Marson D. Metzger
Sioux Falls, SD
1934, 2758, Ft. Meade/Fechner, D-Army-1
I graduated from high school in 1933 and by 1934 hadn't found a job except odds and ends--like delivering grocery ads and part time hod carrier for a cement man. The pay was 17 1/2 cents an hour.
I joined the CCC and was sent to Fort Meade along with about 199 other fellows. Our camp wasn't built yet, so we slept at the Fort the first nights. I volunteered for a job with 11 other boys to dig a ditch. My new shoes that cost $7.50 were ruined the first day.
After a few days, we were taken to our campsite. The only things there were army trucks loaded with lumber and tents. We were put in groups and each group built platforms for floors and put up the tents. The latrine was a log over a ditch with a canvas for a wall to keep it from the view of the camp. That was home for several weeks. In the meantime, we built our barracks under the supervision of the army from Fort Meade. We appreciated our new barracks and modern latrine, especially after a few times of pushing snow off of the tent and the log over the ditch.
I had played the trumpet in the Sioux Falls municipal band, so they made me camp bugler. I was paid 11 silver dollars a month for getting up extra early to wake the camp with reveille. I also called them for chow, mail, pay and night taps. I still remember those notes from taps echoing in the hills.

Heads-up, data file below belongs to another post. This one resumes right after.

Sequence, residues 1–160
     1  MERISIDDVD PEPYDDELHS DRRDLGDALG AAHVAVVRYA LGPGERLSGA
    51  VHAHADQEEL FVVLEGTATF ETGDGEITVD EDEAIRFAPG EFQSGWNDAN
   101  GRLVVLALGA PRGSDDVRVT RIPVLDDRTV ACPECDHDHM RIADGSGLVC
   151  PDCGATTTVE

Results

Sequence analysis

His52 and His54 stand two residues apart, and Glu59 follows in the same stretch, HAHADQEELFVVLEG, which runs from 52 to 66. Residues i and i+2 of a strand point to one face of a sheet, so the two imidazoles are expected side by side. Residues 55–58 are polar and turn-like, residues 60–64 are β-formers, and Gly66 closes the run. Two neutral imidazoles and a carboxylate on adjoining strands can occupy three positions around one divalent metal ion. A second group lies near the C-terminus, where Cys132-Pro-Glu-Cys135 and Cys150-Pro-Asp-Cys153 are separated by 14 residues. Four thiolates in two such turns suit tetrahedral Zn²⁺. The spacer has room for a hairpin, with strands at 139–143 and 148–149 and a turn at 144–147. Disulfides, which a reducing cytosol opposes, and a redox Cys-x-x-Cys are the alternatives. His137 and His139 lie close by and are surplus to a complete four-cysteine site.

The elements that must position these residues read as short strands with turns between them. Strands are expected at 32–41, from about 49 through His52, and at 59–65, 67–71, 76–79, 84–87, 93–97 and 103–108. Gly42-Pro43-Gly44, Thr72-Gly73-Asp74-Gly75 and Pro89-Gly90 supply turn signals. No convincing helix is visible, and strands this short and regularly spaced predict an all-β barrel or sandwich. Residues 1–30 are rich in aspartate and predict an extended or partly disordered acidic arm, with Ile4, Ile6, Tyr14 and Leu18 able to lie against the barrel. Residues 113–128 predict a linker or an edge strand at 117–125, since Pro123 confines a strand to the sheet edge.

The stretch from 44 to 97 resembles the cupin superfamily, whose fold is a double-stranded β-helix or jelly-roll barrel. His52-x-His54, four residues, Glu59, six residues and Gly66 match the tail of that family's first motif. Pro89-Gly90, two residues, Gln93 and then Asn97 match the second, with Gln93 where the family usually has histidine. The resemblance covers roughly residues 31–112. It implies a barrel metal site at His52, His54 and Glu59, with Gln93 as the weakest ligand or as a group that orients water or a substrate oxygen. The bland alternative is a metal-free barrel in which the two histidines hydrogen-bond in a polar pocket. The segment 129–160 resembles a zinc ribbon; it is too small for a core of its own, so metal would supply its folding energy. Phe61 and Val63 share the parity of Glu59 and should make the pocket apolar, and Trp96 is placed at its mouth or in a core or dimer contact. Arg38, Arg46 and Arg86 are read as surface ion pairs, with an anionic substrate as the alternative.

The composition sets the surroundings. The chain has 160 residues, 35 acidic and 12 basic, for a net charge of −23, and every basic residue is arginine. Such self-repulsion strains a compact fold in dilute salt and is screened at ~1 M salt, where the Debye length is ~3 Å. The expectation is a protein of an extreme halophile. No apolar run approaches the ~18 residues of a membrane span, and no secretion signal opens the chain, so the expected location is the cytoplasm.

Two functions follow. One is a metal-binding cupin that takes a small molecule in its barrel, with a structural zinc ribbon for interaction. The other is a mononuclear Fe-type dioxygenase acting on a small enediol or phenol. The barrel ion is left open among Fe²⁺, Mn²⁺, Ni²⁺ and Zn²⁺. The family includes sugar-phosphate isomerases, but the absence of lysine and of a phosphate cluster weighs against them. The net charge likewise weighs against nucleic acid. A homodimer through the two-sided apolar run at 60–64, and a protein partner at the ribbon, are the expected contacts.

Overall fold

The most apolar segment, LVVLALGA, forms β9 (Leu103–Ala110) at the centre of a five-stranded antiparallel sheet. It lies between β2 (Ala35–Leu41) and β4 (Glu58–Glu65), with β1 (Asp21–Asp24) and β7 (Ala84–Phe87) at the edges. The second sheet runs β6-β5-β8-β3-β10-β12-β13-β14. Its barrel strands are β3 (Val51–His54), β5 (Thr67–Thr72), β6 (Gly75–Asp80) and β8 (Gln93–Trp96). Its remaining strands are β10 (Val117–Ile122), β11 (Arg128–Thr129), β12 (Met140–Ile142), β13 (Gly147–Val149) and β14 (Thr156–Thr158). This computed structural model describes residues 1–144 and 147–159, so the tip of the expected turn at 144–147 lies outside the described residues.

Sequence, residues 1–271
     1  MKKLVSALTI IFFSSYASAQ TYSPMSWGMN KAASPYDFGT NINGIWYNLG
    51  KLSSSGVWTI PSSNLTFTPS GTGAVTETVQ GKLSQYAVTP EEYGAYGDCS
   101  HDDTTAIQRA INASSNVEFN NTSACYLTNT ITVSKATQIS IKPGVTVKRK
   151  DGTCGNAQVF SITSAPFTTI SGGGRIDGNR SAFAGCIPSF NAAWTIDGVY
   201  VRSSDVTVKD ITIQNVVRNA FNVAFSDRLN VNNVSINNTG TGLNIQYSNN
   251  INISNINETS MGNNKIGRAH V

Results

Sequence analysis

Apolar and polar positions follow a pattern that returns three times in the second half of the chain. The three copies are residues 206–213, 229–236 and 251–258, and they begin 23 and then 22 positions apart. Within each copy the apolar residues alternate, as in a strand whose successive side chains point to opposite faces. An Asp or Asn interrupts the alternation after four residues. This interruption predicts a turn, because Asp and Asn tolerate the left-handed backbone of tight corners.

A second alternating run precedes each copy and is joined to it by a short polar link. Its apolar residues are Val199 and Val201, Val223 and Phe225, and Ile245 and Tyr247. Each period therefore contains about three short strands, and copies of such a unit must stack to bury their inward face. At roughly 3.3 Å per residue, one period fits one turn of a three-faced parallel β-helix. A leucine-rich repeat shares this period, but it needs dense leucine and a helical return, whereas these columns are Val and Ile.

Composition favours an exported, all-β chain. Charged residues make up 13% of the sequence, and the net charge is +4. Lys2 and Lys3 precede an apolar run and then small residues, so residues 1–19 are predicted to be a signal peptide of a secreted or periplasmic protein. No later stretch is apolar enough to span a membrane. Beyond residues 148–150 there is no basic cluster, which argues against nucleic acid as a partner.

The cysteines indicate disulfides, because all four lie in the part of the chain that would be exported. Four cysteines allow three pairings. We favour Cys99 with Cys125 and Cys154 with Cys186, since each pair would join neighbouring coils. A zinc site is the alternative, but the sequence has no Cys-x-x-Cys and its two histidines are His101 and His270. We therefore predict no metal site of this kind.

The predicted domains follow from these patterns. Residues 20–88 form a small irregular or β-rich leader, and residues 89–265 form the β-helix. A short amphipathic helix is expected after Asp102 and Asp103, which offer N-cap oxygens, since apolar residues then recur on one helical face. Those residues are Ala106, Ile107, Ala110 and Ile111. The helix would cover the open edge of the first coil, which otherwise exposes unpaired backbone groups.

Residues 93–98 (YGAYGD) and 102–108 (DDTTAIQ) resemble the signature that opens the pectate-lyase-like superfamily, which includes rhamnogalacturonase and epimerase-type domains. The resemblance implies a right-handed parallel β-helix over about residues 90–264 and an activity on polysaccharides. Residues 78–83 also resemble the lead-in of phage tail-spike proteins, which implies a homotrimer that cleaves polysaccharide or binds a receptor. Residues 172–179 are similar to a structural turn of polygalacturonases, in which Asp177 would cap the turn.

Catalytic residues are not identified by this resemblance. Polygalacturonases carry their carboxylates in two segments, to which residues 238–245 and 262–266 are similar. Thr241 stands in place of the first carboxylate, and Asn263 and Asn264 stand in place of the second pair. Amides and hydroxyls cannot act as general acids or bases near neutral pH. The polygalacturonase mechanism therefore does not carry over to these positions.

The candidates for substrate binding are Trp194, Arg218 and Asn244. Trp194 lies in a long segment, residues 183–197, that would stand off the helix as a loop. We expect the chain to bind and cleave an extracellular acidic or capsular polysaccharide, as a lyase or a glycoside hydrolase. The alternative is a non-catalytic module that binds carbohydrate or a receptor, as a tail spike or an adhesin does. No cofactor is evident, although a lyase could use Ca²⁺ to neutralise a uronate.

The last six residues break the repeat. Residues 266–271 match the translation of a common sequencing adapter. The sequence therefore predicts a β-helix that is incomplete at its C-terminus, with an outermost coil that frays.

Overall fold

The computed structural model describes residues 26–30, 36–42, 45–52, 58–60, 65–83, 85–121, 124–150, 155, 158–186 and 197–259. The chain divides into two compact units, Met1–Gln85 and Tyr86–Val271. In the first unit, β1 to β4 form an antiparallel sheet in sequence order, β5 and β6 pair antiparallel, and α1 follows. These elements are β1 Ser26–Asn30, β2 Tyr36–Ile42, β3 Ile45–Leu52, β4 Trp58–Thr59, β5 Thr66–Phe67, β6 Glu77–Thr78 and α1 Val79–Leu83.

During the day, I was assigned to help the camp electrician and learned many good points about electricity.
On weekends, we had the opportunity to visit other camps and to see many places in the Black Hills. There are two things I'll always remember and tell to my grandchildren. The first was at Mount Rushmore. We walked up the steps to the head of Washington. A man was hanging from ropes and chipping rock with an air hammer. After reaching the top our group lined up to shake hands with Gutzon Borglum, the man who carved Mount Rushmore. Washington was the only carving being worked on at that time.
The second was the time we sat on the bank of the stratosphere bowl all night to watch the stratosphere balloon take off in the early morning. It took off and sailed right over our heads. It was a beautiful sight.
As I look back some 52 years, the CCC was a great thing for us and for our country. It would be a good experience for today's unemployed youth.x
Marson D. Metzger, 84, died Friday, June 4, 1999, at McKennan Hospital of natural causes.
He was born August 14, 1914, at Hawarden, Iowa. He graduated from Washington High School in 1933. He then joined the Civil Conservation Corps, serving there until he began work at John Morrell & Co. in 1935. He worked at Morrell's for the next 42 years, except for 1944 to 1946 when he served in the U.S. Navy. He married C. Marie Nicolay on Sept. 16, 1940, at Sioux Falls. He retired from Morrell's in 1977.
He was a member of St. Joseph Cathedral and Morrell Retirees.
xDerschied, Lyle A. "The Civilian Conservation Corps in South Dakota, 1933-1942." Brookings, SD, South Dakota State University Foundation Press, 1986. No longer in print. Available at some libraries but may not be checked-out.
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